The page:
On Sunday, HBO premiered Going Clear: Scientology and the Prison of Belief, Alex Gibney’s damning documentary profiling the history and recent schisms within the Church of Scientology. The film, an adaptation of Lawrence Wright’s 2013 book of the same name, relies on the accounts of several former high-ranking church members to provide an in-depth look at the modern religion, how it arose (particularly in Hollywood), and gives detailed allegations of abuse at the hands Scientology’s current leader, David Miscavige. The film specifically makes shocking claims about the church’s treatment and manipulation of its two most famous members: Jon Travolta and Tom Cruise.
To veteran Scientology watchers, the two-hour-long documentary didn’t really reveal anything all that new. Fantastically creation story famously featuring galactic warlord xenu? Check. Allegations against Hubbard’s claims? Check. Tales of fanatically-driven misdeeds by followers? Yep! Claims of Miscaviage’s abuse of power? You betcha.
That doesn’t mean there aren’t other shockingly scandalous stories about Scientology. In fact, there’s plenty. Here are four more shocking true stories about Scientology that weren’t in Going Clear.
L. Ron Hubbard’s Possible Gay Son & His Mysterious Death
One of Scientology’s harshest critics in the last few years has been former member and Oscar-winning screenwriter/director Paul Haggis (Crash, Million Dollar Baby) and a big part of Haggis’ beef with the church is over its attitude towards homosexuality (two of Haggis’ daughters are gay). Dianetics refers to homosexuals as being “quite ill,” so it’s kind of surprising/ironic that Hubbard would have a gay son…and maybe not so shocking that he died from an apparent suicide. Geoffrey Quentin McCaully Hubbard, who went by Quentin, was at one point Hubbard’s planned successor. Several former members have claimed that Quentin was gay and even tried to commit suicide once before, possibly because of his father’s attitude about his sexuality. In 1976, Quentin was found unconscious in Las Vegas, in a parked car with a garden hose running from the tail pipe to the window. He never woke up and died in the hospital two weeks later. The cause of death is still debated to this day with some theorizing that he was murdered and current church material fails to even mention him.
David Miscavige’s “Missing” Wife
David Miscavige comes off as a warlord in Going Clear. Former members describe him in the documentary as a tyrant and bully who seized control of the church after Hubbard’s death in 1986 and uses everything from blackmail to physical intimidation to retain power. Curiously, Going Clear doesn’t even mention Miscavige’s wife, Shelly, who has not been seen publicly since 2006. It’s believed Shelly Miscavige has been exiled to a secluded facility near Lake Arrowhead in Southern California, along with other Scientology members, as a form of punishment. Former Scientologist and King of Queens actress Leah Remini publicly voiced her concern for Shelly when she wasn’t present at Tom Cruise’s wedding to Katie Holmes in 2006, for which David Miscavige served as best man. Remini eventually left the church and even filed a missing persons report for Shelly with the Los Angeles Police department. After a brief investigation the LAPD closed the case and stated that the report had been "ruled as unfounded."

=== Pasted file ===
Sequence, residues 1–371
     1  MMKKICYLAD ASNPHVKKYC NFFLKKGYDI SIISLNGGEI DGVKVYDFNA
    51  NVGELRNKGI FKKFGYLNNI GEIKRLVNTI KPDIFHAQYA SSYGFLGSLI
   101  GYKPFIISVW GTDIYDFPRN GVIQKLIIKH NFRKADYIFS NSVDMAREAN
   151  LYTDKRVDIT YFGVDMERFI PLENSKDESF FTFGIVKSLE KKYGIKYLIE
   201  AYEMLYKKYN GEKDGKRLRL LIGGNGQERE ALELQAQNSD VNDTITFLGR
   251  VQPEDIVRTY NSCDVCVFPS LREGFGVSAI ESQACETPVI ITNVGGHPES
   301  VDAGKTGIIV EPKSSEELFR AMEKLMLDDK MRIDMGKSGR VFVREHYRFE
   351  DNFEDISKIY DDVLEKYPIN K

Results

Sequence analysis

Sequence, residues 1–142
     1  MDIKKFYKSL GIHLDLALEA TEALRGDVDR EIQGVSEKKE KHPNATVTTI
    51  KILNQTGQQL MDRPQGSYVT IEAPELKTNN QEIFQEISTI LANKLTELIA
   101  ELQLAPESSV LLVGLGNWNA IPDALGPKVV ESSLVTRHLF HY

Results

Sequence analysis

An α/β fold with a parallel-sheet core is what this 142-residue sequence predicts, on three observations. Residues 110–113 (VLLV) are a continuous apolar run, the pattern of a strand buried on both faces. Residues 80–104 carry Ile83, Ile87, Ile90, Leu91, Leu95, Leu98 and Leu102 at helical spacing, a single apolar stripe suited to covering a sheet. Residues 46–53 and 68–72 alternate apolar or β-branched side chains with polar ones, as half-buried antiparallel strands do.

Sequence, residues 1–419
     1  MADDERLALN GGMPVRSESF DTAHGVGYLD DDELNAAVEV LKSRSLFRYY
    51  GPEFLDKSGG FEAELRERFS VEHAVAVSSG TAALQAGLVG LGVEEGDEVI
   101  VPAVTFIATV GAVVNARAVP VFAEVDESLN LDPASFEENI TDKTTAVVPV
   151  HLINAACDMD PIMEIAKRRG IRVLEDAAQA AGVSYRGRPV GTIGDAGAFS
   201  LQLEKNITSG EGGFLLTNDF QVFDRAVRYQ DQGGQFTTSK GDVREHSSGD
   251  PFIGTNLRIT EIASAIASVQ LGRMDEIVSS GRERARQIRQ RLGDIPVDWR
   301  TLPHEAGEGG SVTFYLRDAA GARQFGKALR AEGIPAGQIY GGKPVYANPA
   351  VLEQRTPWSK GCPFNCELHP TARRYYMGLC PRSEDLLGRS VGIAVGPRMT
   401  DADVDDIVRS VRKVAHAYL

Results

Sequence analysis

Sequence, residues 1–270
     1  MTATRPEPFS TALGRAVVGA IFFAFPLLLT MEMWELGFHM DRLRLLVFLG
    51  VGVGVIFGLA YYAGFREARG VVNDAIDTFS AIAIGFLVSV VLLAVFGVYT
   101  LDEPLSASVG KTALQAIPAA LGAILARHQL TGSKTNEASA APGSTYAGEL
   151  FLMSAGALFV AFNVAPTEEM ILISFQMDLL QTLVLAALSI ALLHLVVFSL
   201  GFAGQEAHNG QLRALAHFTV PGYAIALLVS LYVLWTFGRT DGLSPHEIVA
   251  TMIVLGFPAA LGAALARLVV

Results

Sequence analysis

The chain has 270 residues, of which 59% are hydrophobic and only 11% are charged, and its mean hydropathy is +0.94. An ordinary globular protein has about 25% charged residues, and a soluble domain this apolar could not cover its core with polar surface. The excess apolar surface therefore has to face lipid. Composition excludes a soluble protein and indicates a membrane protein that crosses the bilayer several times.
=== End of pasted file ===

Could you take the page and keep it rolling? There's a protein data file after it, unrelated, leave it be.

Deaths At The Church’s Drug Treatment Facilities
Founded in the 1960s, Narconon International is a non-profit organization that runs a series of drug treatment facilities throughout the world. It’s owned by the Association for Better Living and Education (ABLE), which is an umbrella group controlled by the church and used to secularly promote Scientology. Narconon follows L. Ron Hubbard’s teachings, which advocate the use of sauna, exercise and high doses of certain vitamins to treat drug and alcohol addiction, though many addiction and medical experts refute Narconon’s techniques. Patients claim they've checked themselves into Narconon clinics believing they were entering a traditional addiction treatment program, only to discover many of the established methods of treating addiction were not offered. Several deaths have occurred at various Narconon locations over the years and in 2012 a facility in Oklahoma was the site of multiple patient deaths within a few months, which sparked a series of lawsuits and media reports.
Scientologists Bankrupted & Purchased the Cult Awareness Network
The Church of Scientology doesn’t play nice when it comes to critics. Under the church’s famed “Fair Game” doctrine, a whole host of methods can be used against those who speak out against the church, no matter who they are. It’s something Going Clear explores extensively, detailing campaigns by the church against the IRS, journalists, and former members. But one target of “Fair Game” not recounted in the film is the Cult Awareness Network (CAN). Founded in 1978 in response to the Jonestown massacre, CAN was a non-profit aimed to raise awareness of cults and “destructive religious groups” while offering support to family members of those trapped in cults. CAN was also critical of Scientology, with its leaders giving scathing quotes to the media and classifying the church as a cult. In the mid 1990s, Scientology responded with a campaign against CAN, which culminated in a lawsuit eventually forcing the group to declare bankruptcy. What followed was most shocking: Scientology members purchased CAN’s name, logo, and hotline to form the New Cult Awareness Network, which was way more friendly towards Scientology. The entire debacle was the subject of a 60 minutes segment in 1997.
Dave Odegard is the Senior Editor at Enstars. You can follow him on Twitter.